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Elsewhere



Awards: American Library Association Notable Children's Books; Bank Street Best Children's Book of the Year; Amazon.com Top 10 Editor's Picks: Teens; IRA Young Adult Choices; Booklist Editors' Choice; Horn Book Magazine Fanfare List; Kirkus Reviews Editor's Choice; School Library Journal Best Books of the Year; Connecticut Nutmeg Children's Book Award; Delaware Blue Hen Book Master List; Georgia Peach Book Award Master List; New Jersey Garden State Teen Book Award; NYPL Books for the Teen Age; Tennessee Intermediate Volunteer State Book Award Master List; Texas TAYSHAS High School Reading List; Virginia Young Readers Award Master List; Wyoming Soaring Eagle Book Award Master List

Recommendations: Booklist, Starred; Bulletin-Center Child Books; Chicago Tribune; Horn Book, Starred Review; Kirkus Reviews; New York Times Book Review; Publishers Weekly; School Library Journal, Starred Review; VOYA (Voice of Youth Advocates)

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About The Author

Gabrielle ZevinGabrielle Zevin

Gabrielle Zevin is the author of award-winning books for young adults including Memoirs of a Teenage Amnesiac, and books for adults including The Hole We’re In and Margarettown. She was also the screenwriter for Conversations with Other Women, which received an Independent... More

Awards

American Library Association Notable Children's Books
Bank Street Best Children's Book of the Year
Amazon.com Top 10 Editor's Picks: Teens
IRA Young Adult Choices
Booklist Editors' Choice
Horn Book Magazine Fanfare List
Kirkus Reviews Editor's Choice
School Library Journal Best Books of the Year
Connecticut Nutmeg Children's Book Award
Delaware Blue Hen Book Master List
Georgia Peach Book Award Master List
New Jersey Garden State Teen Book Award
NYPL Books for the Teen Age
Tennessee Intermediate Volunteer State Book Award Master List
Texas TAYSHAS High School Reading List
Virginia Young Readers Award Master List
Wyoming Soaring Eagle Book Award Master List

Recommendations

Booklist, Starred
Bulletin-Center Child Books
Chicago Tribune
Horn Book, Starred Review
Kirkus Reviews
New York Times Book Review
Publishers Weekly
School Library Journal, Starred Review
VOYA (Voice of Youth Advocates)

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EXCERPT

ELSEWHERE (chapter 1)

At Sea

Elizabeth Hall wakes in a strange bed in a strange room with the strange feeling that her sheets are trying to smother her.

Liz (who is Elizabeth to her teachers; Lizzie at home, except when she's in trouble; and just plain Liz everywhere else in the world) sits up in bed, bumping her head on an unforeseen upper bunk. From above, a voice she does not recognize protests, "Aw hell!"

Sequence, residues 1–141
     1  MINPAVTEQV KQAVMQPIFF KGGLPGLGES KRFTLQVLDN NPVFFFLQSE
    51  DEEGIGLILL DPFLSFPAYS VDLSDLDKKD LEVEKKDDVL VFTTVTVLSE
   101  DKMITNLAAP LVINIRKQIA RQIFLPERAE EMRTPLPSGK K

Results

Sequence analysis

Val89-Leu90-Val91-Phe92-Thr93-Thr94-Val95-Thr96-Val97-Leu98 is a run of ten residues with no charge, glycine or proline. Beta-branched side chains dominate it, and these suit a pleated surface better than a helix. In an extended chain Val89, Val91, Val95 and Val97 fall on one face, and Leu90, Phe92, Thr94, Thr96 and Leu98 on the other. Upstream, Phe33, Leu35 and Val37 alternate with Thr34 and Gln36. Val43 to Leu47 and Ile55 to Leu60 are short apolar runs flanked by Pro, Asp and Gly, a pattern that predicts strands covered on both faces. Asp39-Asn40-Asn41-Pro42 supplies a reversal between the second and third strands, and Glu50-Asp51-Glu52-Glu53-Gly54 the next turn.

Liz peers into the top bunk, where a girl she has never seen before is sleeping, or at least trying to. The sleeping girl, who is near Liz's own age, wears a white nightgown and has long dark hair arranged in a thatch of intricately beaded braids. To Liz, she looks like a queen.

"Excuse me," Liz asks, "but would you happen to know where we are?"

The girl yawns and rubs the sleep out of her eyes. She glances from Liz to the ceiling to the floor to the window and then to Liz again. She touches her braids and sighs. "On a boat," she answers, stifling another yawn.

"What do you mean 'on a boat'?"

"There's water, lots and lots of it. Just look out the window," she replies before cocooning herself in the bedclothes. "Of course, you might have thought to do that without waking me."

"Sorry," Liz whispers.

Liz looks out the porthole that is parallel to her bed. Sure enough, she sees hundreds of miles of early-morning darkness and ocean in all directions, blanketed by a healthy coating of fog. If she squints, Liz can make out a boardwalk. There, she sees the forms of her parents and her little brother, Alvy. Ghostly and becoming smaller by the second, her father is crying and her mother is holding him. Despite the apparent distance, Alvy seems to be looking at Liz and waving. Ten seconds later, the fog swallows her family entirely.

Liz lies back in bed. Even though she feels remarkably awake, she knows she is dreaming, for several reasons: one, there is no earthly way she would be on a boat when she is supposed to be finishing tenth grade; two, if this is a vacation, her parents and Alvy, unfortunately, should be with her; and three, only in dreams can you see things you shouldn't see, like your family on a boardwalk from hundreds of miles away. Just as Liz reaches four, she decides to get out of bed. What a waste, she thinks, to spend one's dreams asleep.